Can it be any surprise to parents and society that changes in the school curriculum has given rise to a generation of children who have developed an “al about me” mentality?
Dr Carol Craig said children were being over-praised and schools needed to reclaim their role as educators, not psychologists.
Since 2007, there has been a statutory responsibility on schools in England to improve pupils’ well-being and primary and secondary schools are increasingly teaching social and emotional skills.
It is possible that DENI ETI inspectors will soon appraise schools’ performance in this area; and well-being could be one of the measures used in the school report card system that Caitriona Ruane wants to introduce.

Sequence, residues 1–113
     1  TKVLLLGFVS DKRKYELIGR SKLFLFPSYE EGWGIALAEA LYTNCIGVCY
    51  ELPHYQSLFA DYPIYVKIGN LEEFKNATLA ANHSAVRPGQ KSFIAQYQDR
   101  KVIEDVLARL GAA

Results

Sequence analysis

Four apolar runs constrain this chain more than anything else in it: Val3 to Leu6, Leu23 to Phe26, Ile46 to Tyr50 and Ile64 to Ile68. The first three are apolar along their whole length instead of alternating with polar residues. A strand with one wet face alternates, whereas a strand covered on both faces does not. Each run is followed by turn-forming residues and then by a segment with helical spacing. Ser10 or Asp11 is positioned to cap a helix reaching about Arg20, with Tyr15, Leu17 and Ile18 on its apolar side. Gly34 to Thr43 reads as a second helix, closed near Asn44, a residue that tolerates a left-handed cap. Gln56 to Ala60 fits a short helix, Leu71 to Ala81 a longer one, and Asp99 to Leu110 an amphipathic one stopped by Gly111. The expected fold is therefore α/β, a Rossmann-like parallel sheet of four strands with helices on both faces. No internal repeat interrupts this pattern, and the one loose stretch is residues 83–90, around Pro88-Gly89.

Dr Craig told head teachers that this was not the role of schools.
“Schools have to hold out that they are educational establishments,” she said.
“They are not surrogate psychologists or mental health professionals.”
Learning about feelings from a professional in a classroom did not send out a positive message, she added.
And she warned there was a danger the more schools taught emotional well-being, the less parents would take responsibility.
“We run the risk of undermining the family as the principal agent of sociability,” she said.
It seems the message has not reached Ms Ruane’s DENI, in fact the Northern Ireland educationalists could be described as evangelists in this field.
PACE has issued warnings about the pilot of the revised curriculum, the Early Years Enriched Curriculum which was evaluated by none other than the Queen’s University School of Psychology.
What a surprise that their self evaluation promoted the “all about me” mentality. Parents may now be asking – at what cost?